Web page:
Next, simply know what an unauthorized SIM swap looks like. An unauthorized SIM swap will often mean you receive unsolicited messages about your SIM being transferred or about a PAC request. You will also lose phone signal suddenly. If you spot any of these signs, you need to call your network provider. If they confirm that your phone number has been ported without your consent, you need to call your bank to freeze your accounts. Doing so will mean that the fraudster cannot make any expenditure on your behalf. The same is the case with credit cards.

Finally, many of us will have our mobile numbers connected with websites for a password reset. If possible, try to use apps that are linked to an actual device as opposed to a phone number. It means fraudsters are less capable of accessing every single account you have online, which may hold sensitive information on you. This is even more so the case if you protect your mobile as best possible too.

What to do if you are a victim of SIM swapping

If it is too late to prevent the attack, you need to contact your phone network on someone else’s phone as soon as possible. Additionally, you need to call all your banks and financial institutions with whom you have an account or card. Ask them to reset any passwords on your account. You will need to start their claim back procedure with them should any fraudulent transactions already have taken place.

It can be beneficial to change your passwords for other accounts – however incongruous you think they are – too. By keeping them the same, the fraudster can hack into your online accounts and continue to glean sensitive information about you that they may find useful in the future.

Ultimately, you must call your network provider as soon as possible to recover your access to your phone. Doing so minimizes the time a fraudster has to make any purchases with your information.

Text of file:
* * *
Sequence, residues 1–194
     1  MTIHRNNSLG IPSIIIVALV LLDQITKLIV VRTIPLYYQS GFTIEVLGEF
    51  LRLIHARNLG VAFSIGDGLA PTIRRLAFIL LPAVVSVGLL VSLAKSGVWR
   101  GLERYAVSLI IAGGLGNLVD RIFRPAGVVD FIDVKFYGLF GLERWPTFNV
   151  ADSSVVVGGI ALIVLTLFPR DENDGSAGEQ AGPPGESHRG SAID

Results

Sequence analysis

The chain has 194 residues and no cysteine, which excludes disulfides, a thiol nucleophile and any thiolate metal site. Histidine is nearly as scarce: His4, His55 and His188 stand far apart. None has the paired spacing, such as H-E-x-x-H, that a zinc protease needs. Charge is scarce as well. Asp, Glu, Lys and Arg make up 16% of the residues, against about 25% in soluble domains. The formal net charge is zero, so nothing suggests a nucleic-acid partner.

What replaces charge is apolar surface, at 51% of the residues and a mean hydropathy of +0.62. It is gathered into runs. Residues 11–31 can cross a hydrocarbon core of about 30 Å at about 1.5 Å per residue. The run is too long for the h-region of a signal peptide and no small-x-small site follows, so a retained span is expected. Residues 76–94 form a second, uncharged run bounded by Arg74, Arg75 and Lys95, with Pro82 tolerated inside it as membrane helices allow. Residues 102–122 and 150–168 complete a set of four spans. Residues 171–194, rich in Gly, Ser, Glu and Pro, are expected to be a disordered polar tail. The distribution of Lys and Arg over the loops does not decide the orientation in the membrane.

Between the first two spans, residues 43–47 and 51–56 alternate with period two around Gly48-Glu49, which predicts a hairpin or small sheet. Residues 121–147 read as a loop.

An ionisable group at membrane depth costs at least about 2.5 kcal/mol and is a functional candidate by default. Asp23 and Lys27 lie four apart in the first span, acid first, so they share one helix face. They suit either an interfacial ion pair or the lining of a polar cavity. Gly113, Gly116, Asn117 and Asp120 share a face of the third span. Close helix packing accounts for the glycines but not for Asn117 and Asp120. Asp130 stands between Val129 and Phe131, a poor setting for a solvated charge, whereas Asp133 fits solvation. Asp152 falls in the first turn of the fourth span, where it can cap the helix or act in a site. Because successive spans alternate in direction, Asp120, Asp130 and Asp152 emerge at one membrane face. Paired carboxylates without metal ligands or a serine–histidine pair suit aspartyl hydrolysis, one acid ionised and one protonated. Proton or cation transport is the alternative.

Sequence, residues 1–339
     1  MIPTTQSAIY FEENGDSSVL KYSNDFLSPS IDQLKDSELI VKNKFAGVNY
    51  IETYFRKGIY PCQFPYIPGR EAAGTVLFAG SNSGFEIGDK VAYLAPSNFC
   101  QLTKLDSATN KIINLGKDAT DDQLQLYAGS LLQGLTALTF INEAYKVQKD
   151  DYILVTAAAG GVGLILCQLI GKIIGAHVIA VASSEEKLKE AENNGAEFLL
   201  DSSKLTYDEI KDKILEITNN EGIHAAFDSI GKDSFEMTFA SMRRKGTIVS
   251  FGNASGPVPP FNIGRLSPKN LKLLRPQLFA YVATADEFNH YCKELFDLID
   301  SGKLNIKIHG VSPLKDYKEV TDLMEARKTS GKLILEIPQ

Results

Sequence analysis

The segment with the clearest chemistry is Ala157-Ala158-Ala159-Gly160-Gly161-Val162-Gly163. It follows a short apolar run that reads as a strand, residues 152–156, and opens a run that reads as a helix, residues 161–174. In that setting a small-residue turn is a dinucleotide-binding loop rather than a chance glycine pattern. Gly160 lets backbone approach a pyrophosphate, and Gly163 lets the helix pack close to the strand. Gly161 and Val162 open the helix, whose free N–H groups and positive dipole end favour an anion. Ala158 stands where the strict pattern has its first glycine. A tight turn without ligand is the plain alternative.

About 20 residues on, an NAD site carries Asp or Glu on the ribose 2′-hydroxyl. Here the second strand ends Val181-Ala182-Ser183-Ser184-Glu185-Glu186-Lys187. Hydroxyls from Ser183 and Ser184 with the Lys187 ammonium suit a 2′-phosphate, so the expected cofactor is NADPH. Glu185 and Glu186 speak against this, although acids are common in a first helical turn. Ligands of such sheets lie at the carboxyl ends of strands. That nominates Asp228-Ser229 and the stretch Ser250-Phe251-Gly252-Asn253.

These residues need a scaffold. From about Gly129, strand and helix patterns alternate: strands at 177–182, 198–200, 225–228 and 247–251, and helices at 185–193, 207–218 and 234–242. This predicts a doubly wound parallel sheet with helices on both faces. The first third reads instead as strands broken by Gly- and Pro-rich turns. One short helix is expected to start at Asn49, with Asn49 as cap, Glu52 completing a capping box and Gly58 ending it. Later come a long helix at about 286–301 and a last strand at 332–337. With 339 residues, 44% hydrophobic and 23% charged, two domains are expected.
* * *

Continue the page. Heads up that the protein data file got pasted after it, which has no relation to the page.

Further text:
How to stop SIM swap fraud

Given what is at stake if you suffer from a SIM swap attack, it is good to learn how to stop SIM swap fraud in the first place. Here is a checklist to help prevent SIM swap attacks on you and your household in the future.

  1. Secure your mobile account
  2. Look at your social media profiles
  3. Learn to recognize phishing
  4. Know what an unauthorized SIM swap looks like
  5. Call your banks
  6. Try to use 2-factor authentication apps

SIM swap attack FAQs

Arguably, yes. A SIM swap is often successful if a fraudster has managed to build up a picture of you through your social media profiles. In doing so, they have ascertained enough information on you that they can answer a whole host of security questions about you correctly.
As with any insurance policy, what it covers you for is in the fine print of the policy you finally purchase. For the most part, you would think that cybersecurity insurances do usually cover SIM swapping scams. But that is by no means a given. Check your policy covers you for this before purchasing.
Mobile networks are trying increasingly to work together to prevent SIM swap fraud. Many now require enhanced checks for anyone trying to get hold of someone else’s phone number. For the most part, many of the processes that phone networks have in place are already highly effective. But persistent fraudsters will keep going until they find one weak link in the chain.
It is possible to secure financial data from being hacked via SIM swap fraud by alerting your banks as soon as possible if you believe you have been a victim of a SIM swap. However, there is more that could be done. In Mozambique, for example, mobile networks now inform banks when mobile phone numbers have recently been ported. Banks there can then stop any transactions that occur within 48 hours of the port.

What is a SIM swap scam – Key takeaways

The frequency of SIM swap scams is increasing as more and more fraudsters become more intelligent as to how to work the system. However, there is so much that you can do on an individual level that will help protect you from any unauthorized SIM swap fraud. Simply by knowing how it occurs and what the signs are for it, you are helping prevent yourself from becoming a victim. By then knowing what to do when you see those signs, you should be able to minimize, if not eradicate, any risk you have of fraudulent financial transactions being carried out in your name.